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Planned Change: Development Of An Rn Orientation Program For New Staff

1173 words - 5 pages

Nursing is a profession of change. The environment a nurse works in changes, technology is updated to provide the best patient care and nurses are learning about the updates to best evidence the field is relies on. Additional environmental changes for nurses include restructuring of the organization, quality improvement and employee retention (Marquis & Huston, 2012). These types of changes are typically planned (Marquis & Huston, 2012). Planned change is a purposeful, calculated and collaborative effort to bring about improvements with the assistance of a change agent (Roussel, 2006 as cited in Mitchell, 2013). However, attempts at change may fail when change agents take an unstructured approach (Wright 1998 as cited in Mitchell, 2013). Therefore, the change agent needs to be a leader or manager skilled in the implementation of planned change (Marquis & Huston, 2012).
The intent of this paper is to evaluate a problem or concern that is an impetus for change and utilize a theoretical model to implement the change. For purpose of this paper, the impetus for change stems from observations of a newly hired unit manager that there is dissatisfaction among newly hired nurses due to lack of a standardized orientation program. The lack of satisfaction is also contributing to high new hire turnover. The goal for the nurse manager will be to improve satisfaction by developing and standardizing a new hire orientation program using Kurt Lewin’s Development of Change Theory (Marquis & Huston, 2012).
Poor training to the unit and lack of encouragement are two of the major factors causing nurses to leave during their first year of employment (Marcum & West, 2004, as cited in Ward, 2009). Orientation programs should be in place to provide new RNs with necessary information in order to be successful on the unit as well as retain them in the organization (Ward, 2009). Best practices guidelines show when managers advocate for resources to support new graduates retention is a likely outcome (Morrow, 2009). Forms of supports shown to be best practice include formal orientation programs, peer mentoring, and orientation schedules and calendars so new hires are lined up with experienced nursing staff (Morrow, 2009).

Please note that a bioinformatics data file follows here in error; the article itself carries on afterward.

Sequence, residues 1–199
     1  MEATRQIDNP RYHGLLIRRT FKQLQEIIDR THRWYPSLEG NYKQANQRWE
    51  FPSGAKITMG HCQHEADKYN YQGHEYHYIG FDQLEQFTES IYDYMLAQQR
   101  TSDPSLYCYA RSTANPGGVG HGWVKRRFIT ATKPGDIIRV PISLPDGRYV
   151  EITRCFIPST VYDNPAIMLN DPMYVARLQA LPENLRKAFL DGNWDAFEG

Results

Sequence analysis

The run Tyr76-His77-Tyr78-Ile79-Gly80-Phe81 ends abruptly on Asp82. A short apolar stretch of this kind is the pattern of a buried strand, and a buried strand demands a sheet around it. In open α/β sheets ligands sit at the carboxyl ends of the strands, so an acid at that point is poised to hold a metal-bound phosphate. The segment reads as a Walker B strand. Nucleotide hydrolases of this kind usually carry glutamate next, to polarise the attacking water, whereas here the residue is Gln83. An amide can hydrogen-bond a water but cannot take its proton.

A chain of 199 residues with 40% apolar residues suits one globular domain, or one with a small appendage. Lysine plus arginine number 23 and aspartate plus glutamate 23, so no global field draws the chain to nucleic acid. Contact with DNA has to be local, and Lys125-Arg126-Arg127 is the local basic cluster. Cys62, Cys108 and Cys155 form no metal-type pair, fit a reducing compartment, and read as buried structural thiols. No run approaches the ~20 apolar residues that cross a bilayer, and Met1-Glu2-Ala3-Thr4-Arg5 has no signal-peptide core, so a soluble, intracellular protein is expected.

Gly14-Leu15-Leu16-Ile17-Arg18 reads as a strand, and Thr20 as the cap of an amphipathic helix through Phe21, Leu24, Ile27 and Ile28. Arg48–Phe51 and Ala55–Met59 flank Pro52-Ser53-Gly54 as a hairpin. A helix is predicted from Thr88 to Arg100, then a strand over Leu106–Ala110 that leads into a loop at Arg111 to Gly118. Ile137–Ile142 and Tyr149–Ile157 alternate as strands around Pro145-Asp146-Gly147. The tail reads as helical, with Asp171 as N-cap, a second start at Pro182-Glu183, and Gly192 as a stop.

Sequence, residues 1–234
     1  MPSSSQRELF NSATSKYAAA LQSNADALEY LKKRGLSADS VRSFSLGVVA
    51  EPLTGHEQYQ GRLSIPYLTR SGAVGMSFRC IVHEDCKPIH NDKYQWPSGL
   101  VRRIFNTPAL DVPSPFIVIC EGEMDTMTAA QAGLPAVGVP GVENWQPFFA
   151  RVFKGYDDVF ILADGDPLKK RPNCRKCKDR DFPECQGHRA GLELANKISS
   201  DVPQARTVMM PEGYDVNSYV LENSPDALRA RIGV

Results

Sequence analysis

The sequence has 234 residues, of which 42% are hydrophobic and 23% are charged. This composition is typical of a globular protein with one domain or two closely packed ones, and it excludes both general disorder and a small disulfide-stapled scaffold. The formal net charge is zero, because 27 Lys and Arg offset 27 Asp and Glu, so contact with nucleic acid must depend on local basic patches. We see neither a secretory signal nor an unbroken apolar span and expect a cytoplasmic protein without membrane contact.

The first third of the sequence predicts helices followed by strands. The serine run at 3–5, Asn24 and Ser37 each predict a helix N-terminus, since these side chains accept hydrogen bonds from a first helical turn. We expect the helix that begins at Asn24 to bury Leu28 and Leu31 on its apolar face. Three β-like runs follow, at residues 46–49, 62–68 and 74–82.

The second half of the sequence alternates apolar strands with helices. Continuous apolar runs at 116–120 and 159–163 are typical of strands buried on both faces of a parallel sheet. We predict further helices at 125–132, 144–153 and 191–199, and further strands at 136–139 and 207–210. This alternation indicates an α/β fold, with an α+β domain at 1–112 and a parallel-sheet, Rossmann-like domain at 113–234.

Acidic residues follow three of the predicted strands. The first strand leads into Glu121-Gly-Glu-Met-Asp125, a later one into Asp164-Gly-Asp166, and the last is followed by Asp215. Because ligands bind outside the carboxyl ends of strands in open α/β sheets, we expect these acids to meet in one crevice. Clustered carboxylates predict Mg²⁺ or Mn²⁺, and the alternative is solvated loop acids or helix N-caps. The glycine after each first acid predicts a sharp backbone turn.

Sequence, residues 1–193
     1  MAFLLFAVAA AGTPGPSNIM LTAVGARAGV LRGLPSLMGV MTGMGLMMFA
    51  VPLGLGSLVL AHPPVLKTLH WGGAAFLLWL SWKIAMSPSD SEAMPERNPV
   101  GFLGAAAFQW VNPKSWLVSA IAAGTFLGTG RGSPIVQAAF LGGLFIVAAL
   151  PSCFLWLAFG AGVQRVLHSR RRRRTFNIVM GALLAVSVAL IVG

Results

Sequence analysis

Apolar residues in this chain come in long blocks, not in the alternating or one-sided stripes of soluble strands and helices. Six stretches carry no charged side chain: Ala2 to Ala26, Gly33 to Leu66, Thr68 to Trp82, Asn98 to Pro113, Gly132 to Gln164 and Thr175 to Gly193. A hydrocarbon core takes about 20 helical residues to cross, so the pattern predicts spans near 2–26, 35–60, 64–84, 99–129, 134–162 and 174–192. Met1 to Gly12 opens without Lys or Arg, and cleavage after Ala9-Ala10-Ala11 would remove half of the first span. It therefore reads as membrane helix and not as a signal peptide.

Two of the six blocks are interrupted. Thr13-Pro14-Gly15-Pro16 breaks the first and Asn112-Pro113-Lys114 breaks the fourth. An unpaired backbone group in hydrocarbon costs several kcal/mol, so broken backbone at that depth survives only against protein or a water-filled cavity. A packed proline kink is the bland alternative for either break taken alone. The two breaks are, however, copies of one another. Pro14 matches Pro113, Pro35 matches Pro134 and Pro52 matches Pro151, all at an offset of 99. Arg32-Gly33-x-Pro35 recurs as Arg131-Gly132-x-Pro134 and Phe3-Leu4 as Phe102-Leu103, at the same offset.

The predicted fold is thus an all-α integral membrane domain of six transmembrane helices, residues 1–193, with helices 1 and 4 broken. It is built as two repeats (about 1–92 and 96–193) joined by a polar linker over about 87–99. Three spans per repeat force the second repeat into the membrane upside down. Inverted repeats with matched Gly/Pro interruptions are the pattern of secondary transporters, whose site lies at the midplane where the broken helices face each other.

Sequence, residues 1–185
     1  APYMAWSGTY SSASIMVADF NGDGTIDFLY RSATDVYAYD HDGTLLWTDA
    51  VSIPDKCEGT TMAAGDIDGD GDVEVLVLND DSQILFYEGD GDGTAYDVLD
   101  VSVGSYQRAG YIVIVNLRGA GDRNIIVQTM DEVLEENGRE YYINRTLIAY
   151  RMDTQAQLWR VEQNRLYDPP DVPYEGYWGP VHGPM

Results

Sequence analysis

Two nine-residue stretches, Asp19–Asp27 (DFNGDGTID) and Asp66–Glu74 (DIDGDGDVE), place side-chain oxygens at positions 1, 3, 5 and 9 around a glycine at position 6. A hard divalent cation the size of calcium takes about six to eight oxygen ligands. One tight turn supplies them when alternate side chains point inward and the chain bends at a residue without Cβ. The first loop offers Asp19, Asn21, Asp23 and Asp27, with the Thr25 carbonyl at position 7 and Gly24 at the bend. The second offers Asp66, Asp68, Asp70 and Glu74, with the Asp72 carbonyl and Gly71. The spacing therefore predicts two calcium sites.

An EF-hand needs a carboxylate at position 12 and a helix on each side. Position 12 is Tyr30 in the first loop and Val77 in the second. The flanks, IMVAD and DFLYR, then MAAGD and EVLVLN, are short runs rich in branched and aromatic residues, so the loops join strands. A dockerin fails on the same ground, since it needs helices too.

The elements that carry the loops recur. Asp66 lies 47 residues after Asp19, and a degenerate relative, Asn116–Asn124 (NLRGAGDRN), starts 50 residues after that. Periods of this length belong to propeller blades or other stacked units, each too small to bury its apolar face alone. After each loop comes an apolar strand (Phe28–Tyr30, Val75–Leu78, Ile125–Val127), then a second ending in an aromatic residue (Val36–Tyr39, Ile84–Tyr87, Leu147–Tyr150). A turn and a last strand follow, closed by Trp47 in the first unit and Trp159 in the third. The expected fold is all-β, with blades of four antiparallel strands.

Description of the health care setting and communication networks. The hospital environment is a non-profit critical access hospital in a rural area. The nursing unit within the hospital is medical surgical specialty unit. There are18 beds in this unit that manage acute medical surgical patients and swing bed patients with a vast range of diagnoses and care requirements. The medical-surgical unit also serves as a specialty unit for the management of acute care ventilator patients. There 50 medical surgical employees reporting to the unit manager including RN’s, nursing assistants and health unit coordinators.
Since this is a smaller hospital, there is a simpler organizational structure than what is seen in a large hospital. ...

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